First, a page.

Mulching: Mulch helps protect against disease and weed infestation. Sprinkle grass clippings, peat moss, or bark chips between rows of herbs.

Frequently Asked Questions [FAQs]

1. What Is Herb Gardening?

Herb gardening is the practice of planting and growing herbs for culinary, medicinal, or ornamental purposes. It involves cultivating a variety of herb plants in a garden or container and harvesting their leaves, flowers, or roots for use in cooking, healing, or for their aromatic qualities.

2. Where Should I Grow My Herbs?

Depending on your available space and preferences, herbs can be grown in various locations. They can be cultivated in an outdoor garden, a raised bed, or even in pots or containers on a balcony or windowsill. The key is to choose a location that provides adequate sunlight (at least 6 hours per day), well-draining soil, and protection from strong winds. It’s also important to consider easy access to water and proximity to your kitchen for convenience.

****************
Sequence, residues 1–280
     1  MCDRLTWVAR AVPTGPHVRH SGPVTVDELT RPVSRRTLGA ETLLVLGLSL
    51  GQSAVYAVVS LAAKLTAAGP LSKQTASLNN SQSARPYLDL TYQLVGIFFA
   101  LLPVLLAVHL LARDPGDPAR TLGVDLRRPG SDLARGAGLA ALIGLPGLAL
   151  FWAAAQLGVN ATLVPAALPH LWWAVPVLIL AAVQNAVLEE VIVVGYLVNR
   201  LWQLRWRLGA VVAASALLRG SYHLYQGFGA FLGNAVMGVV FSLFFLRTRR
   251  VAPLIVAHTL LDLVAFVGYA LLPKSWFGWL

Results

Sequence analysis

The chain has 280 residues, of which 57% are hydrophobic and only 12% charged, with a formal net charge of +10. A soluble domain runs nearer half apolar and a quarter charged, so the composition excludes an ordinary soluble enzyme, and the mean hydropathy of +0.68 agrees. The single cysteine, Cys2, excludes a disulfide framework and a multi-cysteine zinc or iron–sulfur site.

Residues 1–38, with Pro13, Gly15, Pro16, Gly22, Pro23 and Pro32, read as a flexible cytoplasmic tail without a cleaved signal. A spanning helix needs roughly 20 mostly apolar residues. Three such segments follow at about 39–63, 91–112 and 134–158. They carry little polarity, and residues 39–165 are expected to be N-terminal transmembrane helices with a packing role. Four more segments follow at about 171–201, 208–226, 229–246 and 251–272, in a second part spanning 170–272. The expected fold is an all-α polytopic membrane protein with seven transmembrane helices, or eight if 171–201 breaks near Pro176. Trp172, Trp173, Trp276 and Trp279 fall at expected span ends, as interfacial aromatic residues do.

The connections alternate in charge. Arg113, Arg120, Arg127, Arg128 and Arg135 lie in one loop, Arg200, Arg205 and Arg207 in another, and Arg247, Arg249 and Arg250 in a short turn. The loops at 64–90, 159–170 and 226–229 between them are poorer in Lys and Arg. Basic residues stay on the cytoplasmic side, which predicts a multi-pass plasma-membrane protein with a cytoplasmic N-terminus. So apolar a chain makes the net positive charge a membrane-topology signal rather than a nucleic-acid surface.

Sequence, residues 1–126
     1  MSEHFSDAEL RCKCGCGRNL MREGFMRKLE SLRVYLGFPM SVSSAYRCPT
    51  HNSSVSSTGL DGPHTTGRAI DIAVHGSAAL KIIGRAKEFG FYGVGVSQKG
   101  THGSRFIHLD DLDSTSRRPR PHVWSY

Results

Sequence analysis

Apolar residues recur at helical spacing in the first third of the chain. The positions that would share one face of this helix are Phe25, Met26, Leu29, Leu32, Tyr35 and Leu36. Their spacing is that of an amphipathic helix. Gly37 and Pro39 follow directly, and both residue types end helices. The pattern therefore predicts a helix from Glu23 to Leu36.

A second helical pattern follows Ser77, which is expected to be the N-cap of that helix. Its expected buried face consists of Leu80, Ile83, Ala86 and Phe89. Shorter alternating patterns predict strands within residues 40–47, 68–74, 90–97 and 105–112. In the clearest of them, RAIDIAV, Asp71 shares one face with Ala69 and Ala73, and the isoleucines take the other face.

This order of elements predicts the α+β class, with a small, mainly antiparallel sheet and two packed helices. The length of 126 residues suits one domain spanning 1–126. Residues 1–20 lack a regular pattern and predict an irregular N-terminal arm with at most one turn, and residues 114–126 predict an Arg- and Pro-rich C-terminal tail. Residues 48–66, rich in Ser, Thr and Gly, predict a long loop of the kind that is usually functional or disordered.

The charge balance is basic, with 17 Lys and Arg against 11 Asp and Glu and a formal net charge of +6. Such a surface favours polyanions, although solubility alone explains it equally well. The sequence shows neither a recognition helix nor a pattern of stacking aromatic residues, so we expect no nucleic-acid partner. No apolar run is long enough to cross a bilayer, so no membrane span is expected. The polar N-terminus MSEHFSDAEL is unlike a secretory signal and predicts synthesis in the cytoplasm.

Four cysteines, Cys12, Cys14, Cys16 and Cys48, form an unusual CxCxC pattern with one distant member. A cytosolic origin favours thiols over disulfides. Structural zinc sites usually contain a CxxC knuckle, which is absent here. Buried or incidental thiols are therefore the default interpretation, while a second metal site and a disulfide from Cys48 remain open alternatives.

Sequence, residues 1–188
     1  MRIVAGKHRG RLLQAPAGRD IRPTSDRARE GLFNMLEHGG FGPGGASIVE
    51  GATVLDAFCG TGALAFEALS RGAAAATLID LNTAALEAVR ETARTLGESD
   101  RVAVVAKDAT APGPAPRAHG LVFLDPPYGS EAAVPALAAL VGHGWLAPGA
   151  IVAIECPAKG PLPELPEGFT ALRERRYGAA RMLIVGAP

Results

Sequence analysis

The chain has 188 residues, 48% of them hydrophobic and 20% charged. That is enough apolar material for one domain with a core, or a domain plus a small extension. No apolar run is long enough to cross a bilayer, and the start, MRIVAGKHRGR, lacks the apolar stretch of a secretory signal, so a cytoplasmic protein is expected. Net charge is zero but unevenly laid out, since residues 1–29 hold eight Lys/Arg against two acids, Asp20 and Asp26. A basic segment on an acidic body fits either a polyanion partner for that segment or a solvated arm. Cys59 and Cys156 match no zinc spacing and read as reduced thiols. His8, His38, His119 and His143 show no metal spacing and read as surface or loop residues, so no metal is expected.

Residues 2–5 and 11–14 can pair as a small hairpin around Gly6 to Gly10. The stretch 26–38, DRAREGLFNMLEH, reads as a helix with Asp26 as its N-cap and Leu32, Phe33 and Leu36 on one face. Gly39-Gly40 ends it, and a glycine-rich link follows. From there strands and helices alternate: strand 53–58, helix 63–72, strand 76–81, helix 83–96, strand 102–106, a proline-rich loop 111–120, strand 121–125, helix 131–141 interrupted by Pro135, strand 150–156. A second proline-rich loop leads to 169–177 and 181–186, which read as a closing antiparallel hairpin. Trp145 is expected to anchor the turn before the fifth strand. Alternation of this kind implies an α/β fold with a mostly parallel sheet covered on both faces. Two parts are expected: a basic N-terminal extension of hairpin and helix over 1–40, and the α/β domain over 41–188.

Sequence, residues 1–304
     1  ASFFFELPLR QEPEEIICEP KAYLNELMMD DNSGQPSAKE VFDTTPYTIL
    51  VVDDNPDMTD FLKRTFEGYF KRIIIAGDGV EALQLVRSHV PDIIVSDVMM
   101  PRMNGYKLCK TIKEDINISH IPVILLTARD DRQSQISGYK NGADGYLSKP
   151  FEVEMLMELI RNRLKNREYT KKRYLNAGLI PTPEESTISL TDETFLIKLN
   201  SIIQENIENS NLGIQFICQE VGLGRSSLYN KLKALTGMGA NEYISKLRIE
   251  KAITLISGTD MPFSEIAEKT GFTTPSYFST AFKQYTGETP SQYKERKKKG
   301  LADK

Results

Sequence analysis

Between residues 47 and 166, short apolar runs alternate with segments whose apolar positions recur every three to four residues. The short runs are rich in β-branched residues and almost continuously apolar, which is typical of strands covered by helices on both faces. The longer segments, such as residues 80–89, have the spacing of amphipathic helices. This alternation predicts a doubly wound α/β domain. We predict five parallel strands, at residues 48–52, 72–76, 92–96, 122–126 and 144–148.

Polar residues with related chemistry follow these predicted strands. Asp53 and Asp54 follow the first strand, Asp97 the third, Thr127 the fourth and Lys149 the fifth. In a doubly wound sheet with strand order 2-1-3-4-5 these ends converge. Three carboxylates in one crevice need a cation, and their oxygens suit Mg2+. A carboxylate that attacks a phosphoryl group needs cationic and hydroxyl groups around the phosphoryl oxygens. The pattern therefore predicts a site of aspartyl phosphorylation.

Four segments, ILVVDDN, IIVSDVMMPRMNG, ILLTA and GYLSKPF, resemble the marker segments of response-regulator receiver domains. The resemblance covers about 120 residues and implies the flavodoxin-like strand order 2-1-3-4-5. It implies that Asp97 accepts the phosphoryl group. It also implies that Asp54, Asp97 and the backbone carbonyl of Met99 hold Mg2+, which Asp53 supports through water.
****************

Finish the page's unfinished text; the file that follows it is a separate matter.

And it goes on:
3. How Do I Care For Herb Plants?

Herb plants have different care requirements depending on the herb, but a few general guidelines exist. Most herbs thrive in well-draining soil, so ensure good drainage by adding organic matter or sand. Water your herbs regularly, allowing the soil to dry slightly between waterings. Some herbs, like basil and parsley, benefit from regular pruning to encourage bushier growth.

4. What Are Some Common Herbs For Beginners To Grow?

Several herbs are well-suited for beginners to grow. Some popular choices include basil, parsley, mint, rosemary, and thyme. These herbs are relatively easy to care for, have a wide range of culinary uses, and are readily available at garden centers.


Herb is the most important garden in the era of gardens. So, why not grow them in your garden? You can grow herbs without hassle by attentively following the above steps and tips. So, don’t wait any longer. Start growing herbs right now.

About the Author

Virginia E. Hayes is a gardening enthusiast who loves to write about gardening tools, safety issues, and ways to keep gardens clean and safe. With her vast experience in gardening, she provides valuable insights and tips to help fellow gardening enthusiasts to enhance their gardening experience. Her passion for gardening and writing has made her a sought-after author in the gardening community.